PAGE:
Sexual health

It may come as a surprise to many but people living with diabetes, which includes both men and women undergo significant changes in their sex hormones adversely affecting their sexual health. Diabetes is emerging to be responsible for a number of sexual health-related issues amongst men causing erectile dysfunction, impotence, loss of libido, premature ejaculation and delayed ejaculation. Substantial studies claim that 50 % of men who have diabetes for more than 10-15 years suffer from erectile dysfunction. Studies also hint that men with erectile dysfunction are often found to also have a heart-related disorder such as coronary heart diseases.

Women, on the contrary, have been observed to suffer from hormonal disbalances with special reference to type 2 diabetes. Diseases such as PCOS (Polycystic ovarian syndrome) are often interconnected with diabetes which is one of the major reasons for female infertility. Some other common conditions arising due to diabetes are vaginal dryness, lack of sexual desires, pain during sex, and arousal difficulties.

Both men and women are highly encouraged to consult a doctor and ask for solutions to ease out agonies related to sexual health. There have been recent advances in medical technology and products (medications and therapies) which help overcome conditions like erectile dysfunction and infertility. However, doctors advice a good control of blood glucose levels along with regular exercising are recommended for diabetics to avoid sexual health complications such as erectile dysfunction and infertility. However, doctors advice a good control of blood glucose levels along with regular exercising are recommended for diabetics to avoid sexual health complications.

Mental Health

Psychologists suggest, that people living with diabetes often undergo emotional turmoils due to long-term conditions and chronic symptoms. Their mental health and well being is equally important just as there physical well being. Research hints people who are happy and content with their lives have proven to achieve good control of diabetes versus people who are unhappy. Scientists claim that with the onset of diabetes feelings of anger, guilt, depression, low self-esteem, anxiety set in.

Doctors recommend family members and caregivers to extend emotional support and motivate people with diabetes to maintain blood sugar levels responsibly. And most importantly do not let diabetes come in the way of your life.

What is diabetes?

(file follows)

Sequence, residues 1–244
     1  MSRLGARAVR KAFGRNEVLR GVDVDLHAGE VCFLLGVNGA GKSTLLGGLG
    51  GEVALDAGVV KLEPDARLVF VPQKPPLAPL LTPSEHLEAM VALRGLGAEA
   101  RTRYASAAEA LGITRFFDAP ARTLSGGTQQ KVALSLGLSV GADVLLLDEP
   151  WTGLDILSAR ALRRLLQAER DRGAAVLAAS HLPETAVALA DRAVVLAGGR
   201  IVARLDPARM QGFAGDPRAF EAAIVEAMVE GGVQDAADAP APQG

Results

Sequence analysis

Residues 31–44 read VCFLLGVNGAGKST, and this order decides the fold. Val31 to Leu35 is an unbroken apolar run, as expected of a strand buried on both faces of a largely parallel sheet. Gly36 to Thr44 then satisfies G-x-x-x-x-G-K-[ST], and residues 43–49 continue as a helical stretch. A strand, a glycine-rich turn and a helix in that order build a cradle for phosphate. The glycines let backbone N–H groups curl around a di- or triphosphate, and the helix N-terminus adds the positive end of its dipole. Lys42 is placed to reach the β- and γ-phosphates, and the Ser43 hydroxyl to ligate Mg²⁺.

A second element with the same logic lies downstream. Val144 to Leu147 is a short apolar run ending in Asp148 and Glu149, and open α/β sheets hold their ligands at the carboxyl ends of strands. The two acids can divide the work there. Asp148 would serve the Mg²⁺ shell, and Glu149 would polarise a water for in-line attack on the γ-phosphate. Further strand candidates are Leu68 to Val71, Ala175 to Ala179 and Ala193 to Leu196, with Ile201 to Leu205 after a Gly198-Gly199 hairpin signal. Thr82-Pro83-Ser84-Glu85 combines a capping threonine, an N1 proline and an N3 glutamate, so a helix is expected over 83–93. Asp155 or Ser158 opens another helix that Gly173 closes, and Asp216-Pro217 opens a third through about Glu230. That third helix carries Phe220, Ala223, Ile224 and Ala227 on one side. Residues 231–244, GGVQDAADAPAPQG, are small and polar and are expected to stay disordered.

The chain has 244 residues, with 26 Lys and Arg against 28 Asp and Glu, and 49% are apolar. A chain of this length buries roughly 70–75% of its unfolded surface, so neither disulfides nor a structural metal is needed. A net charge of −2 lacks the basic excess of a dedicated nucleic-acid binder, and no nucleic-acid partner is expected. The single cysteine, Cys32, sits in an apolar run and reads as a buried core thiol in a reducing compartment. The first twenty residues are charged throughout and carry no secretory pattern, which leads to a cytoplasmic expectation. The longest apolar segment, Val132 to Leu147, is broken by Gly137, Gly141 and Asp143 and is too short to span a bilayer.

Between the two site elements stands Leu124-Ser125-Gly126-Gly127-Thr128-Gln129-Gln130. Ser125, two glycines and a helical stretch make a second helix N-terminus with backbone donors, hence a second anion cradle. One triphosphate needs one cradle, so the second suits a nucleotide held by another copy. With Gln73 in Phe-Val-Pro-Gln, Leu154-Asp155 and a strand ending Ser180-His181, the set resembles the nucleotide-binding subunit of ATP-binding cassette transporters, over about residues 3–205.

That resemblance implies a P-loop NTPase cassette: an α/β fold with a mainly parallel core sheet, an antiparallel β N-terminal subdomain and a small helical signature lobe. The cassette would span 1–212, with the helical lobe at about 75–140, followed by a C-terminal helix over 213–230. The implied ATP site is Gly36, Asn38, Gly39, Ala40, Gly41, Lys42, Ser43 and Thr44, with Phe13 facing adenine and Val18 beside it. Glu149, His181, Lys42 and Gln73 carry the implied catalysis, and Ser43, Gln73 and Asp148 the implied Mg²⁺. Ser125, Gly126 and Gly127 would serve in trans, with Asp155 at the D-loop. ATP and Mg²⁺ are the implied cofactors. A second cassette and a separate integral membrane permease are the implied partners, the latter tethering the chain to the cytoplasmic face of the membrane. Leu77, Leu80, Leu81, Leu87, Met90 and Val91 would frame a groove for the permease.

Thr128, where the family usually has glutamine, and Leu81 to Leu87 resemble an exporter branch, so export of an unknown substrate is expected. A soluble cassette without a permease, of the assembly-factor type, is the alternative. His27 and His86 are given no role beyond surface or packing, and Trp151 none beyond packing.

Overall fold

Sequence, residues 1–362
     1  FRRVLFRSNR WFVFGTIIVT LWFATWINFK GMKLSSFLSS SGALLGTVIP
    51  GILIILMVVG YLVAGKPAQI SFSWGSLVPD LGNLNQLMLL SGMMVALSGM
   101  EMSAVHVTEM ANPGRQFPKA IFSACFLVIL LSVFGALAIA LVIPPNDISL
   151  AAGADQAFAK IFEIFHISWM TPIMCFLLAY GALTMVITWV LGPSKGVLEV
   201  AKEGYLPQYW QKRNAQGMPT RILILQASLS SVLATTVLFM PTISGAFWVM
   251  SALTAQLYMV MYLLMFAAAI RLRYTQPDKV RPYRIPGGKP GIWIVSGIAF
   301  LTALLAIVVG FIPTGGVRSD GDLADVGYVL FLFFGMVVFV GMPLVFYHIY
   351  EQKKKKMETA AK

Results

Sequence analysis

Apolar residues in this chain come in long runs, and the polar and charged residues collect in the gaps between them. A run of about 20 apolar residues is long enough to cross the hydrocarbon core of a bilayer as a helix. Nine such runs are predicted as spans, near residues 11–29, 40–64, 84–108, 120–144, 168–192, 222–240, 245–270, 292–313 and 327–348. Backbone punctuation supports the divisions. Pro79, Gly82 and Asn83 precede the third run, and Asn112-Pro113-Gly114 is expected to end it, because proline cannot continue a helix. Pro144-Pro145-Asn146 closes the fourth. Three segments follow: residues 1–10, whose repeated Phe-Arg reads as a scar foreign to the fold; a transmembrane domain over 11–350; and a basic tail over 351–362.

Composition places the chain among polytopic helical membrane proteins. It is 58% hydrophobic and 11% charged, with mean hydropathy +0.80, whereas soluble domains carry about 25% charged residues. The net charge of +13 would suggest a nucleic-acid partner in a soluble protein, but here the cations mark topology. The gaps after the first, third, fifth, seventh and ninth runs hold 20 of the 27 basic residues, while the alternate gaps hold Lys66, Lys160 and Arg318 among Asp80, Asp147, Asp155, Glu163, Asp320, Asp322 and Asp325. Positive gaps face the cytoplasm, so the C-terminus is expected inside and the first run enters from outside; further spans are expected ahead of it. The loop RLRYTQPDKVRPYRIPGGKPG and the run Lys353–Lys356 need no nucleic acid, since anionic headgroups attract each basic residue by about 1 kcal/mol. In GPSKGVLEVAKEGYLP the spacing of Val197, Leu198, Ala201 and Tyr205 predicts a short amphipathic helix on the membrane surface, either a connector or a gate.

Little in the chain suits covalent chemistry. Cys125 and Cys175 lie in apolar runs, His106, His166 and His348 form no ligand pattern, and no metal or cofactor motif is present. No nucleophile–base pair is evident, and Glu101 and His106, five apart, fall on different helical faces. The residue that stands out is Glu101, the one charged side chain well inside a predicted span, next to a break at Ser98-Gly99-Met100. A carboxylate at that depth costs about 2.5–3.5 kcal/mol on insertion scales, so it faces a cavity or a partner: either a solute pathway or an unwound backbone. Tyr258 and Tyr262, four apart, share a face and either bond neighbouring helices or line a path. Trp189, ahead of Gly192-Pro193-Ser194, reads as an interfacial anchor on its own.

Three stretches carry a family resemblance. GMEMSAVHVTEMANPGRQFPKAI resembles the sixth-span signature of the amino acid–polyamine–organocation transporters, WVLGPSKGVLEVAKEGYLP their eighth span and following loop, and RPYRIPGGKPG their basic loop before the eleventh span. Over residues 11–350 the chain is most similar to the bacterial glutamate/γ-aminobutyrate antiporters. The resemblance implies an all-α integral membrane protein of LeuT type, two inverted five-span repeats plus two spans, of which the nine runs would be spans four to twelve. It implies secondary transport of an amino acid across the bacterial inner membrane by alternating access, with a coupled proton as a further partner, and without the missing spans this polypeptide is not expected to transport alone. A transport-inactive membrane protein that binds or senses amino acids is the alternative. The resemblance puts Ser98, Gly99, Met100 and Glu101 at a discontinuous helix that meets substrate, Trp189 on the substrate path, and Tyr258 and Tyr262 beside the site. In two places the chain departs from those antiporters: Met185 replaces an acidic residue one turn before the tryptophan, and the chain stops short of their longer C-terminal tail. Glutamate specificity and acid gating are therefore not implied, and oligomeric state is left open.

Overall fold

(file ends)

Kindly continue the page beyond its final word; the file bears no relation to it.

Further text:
Diabetes is an umbrella term given to a group of conditions which exhibit high levels of glucose (sugar) in the bloodstream. Diabetes is a fast approaching global epidemic with more than 73 million cases in India alone. The condition is often long-term and can lead to a number of chronic conditions if not treated and managed effectively on time. Diabetes, as believed earlier, is not a condition which triggers due to growing age, in fact, diabetes can affect anyone regardless of the age and sex. However, some medical studies indicate that people over 40 years are more at risk and prone to develop diabetes than any other age groups.


  1. National Kidney foundation [Internet]. New York: National Kidney Foundation; Diabetes - A Major Risk Factor for Kidney Disease
  2. National Institute of Diabetes and Digestive and Kidney Diseases [internet]: US Department of Health and Human Services; Diabetes, Gum Disease, & Other Dental Problems
  3. National Health Service [internet]. UK; What is type 2 diabetes?
  4. Diabetes.co.uk [internet] Diabetes Digital Media Ltd; Causes of Diabetes.
  5. Diabetes.co.uk [internet] Diabetes Digital Media Ltd; Juvenile Diabetes.
  6. National Health Service [Internet]. UK; Overview - Gestational diabetes

Doctors for Diabetes

Dr. Narayanan N K Dr. Narayanan N K Endocrinology
16 Years of Experience
Dr. Tanmay Bharani Dr. Tanmay Bharani Endocrinology
15 Years of Experience
Dr. Sunil Kumar Mishra Dr. Sunil Kumar Mishra Endocrinology
23 Years of Experience
Dr. Parjeet Kaur Dr. Parjeet Kaur Endocrinology
19 Years of Experience
Consult a Doctor

Medicines for Diabetes

Medicines listed below are available for Diabetes. Please note that you should not take any medicines without doctor consultation. Taking any medicine without doctor's consultation can cause serious problems.